local function updateSpawnPoint(newValue)
    local respawnPoint = checkpointSpawns[newValue]
    player.RespawnLocation = respawnPoint


When needing to update data in ProfileService, you’d also subsequently change the stage value.

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Hi, sorry for another late reply. I finally got around to implementing a system where if the leaderstat is updated it also updates the profile in a module script. Now I only have one problem. When I run the game, the player can randomly spawn at any spawn point. Is their any way to fix this?

Do you also set the RespawnLocation when the data is first retrieved? I probably should’ve mentioned this before suggesting its use as a potential alternative but the catch about RespawnLocation is that if it isn’t set then the engine’s automatic spawning logic will take other existing spawns as valid and attempt to spawn the player at one of them.

You will need to set this immediately when they join or if that’s not fast enough then respawn them once so they end up at the proper location. Ultimately the latter case doesn’t sound too ideal though and in that case it may have been better to go with your original case of CFraming the HumanoidRootPart accordingly over what I suggested. I would still use attributes though! Instead of setting RespawnLocation it could help you determine which part to CFrame to.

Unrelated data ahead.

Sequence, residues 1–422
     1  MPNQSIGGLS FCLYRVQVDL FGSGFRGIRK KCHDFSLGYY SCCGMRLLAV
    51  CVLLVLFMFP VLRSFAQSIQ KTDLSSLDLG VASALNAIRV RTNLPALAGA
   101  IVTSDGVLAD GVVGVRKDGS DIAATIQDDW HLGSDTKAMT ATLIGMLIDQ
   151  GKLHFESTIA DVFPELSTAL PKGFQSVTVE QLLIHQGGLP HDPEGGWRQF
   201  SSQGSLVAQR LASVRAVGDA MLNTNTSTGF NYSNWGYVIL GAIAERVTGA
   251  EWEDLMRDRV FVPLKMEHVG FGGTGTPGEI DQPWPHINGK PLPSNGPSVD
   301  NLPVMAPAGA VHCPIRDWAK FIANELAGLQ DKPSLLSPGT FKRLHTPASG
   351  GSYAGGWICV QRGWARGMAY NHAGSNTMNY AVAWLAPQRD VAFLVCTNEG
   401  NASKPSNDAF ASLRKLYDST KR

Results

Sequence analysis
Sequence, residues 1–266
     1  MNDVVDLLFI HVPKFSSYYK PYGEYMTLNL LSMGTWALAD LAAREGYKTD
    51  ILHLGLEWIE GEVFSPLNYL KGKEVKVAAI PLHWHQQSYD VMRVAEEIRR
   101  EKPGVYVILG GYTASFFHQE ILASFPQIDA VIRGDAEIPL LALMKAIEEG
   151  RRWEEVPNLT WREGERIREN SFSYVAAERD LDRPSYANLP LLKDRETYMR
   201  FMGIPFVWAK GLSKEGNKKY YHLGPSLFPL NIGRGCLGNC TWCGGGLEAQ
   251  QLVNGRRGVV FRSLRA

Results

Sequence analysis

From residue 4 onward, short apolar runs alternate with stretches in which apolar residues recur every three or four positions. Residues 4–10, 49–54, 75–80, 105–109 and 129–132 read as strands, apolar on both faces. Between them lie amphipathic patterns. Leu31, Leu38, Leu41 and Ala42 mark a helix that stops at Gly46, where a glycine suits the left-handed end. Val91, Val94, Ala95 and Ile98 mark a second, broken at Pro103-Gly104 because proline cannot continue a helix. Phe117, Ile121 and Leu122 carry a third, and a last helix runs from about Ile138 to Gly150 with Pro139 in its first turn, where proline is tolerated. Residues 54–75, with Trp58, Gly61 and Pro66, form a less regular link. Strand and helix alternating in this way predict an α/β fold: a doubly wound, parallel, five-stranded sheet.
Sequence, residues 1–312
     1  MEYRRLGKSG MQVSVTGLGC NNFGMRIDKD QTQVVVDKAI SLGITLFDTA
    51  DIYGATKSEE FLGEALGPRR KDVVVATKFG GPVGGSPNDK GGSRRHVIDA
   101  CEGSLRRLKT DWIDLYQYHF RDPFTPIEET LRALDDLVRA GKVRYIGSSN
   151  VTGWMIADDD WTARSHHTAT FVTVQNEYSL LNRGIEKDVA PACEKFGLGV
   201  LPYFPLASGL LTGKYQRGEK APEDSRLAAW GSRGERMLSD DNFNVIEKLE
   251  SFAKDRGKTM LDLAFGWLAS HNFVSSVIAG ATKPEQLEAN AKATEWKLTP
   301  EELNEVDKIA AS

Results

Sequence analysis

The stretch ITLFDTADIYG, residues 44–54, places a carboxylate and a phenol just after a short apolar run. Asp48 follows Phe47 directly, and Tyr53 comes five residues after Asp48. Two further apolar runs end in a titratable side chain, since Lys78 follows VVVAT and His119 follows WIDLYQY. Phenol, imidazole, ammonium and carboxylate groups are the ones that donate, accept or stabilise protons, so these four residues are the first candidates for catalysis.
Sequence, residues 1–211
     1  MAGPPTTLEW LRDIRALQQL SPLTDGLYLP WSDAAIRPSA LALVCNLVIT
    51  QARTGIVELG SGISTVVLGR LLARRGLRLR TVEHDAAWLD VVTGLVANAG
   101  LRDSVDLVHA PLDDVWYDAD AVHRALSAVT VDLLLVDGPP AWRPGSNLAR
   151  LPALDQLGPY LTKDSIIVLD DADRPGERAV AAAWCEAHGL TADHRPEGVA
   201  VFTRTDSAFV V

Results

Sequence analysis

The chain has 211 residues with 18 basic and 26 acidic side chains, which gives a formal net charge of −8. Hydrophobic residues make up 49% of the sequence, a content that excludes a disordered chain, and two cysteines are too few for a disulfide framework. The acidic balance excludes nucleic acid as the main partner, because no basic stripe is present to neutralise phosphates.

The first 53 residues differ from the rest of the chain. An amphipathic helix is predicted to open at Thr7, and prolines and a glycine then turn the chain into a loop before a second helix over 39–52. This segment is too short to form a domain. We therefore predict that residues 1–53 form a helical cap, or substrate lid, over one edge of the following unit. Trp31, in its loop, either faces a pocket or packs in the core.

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Sorry, I completely forgot about this but I fixed it by setting the spawn as soon as they join and I make sure to set their values as well. Thanks for the help!

Put the following code under the checkpoint part and create a Checkpoints folder under ServerStorage。If the player touched a checkpoint part, it will respawn at the last checkpoint part touched after death

local spawn = script.Parent
	if hit and hit.Parent and hit.Parent:FindFirstChild("Humanoid") then
		local checkpoints = game.ServerStorage:WaitForChild("Checkpoints")
		local player = game.Players:GetPlayerFromCharacter(hit.Parent)
		local checkpointData = checkpoints:FindFirstChild("CheckpointData")
		if not checkpointData then
			checkpointData = Instance.new("Model", checkpoints)
			checkpointData.Name = "CheckpointData"

		local checkpoint = checkpointData:FindFirstChild(tostring(player.userId))
		if not checkpoint then
			checkpoint = Instance.new("ObjectValue", checkpointData)
			checkpoint.Name = tostring(player.userId)

				character:WaitForChild("HumanoidRootPart").CFrame = checkpointData[tostring(player.userId)].Value.CFrame + Vector3.new(0, 4, 0)

		checkpoint.Value = spawn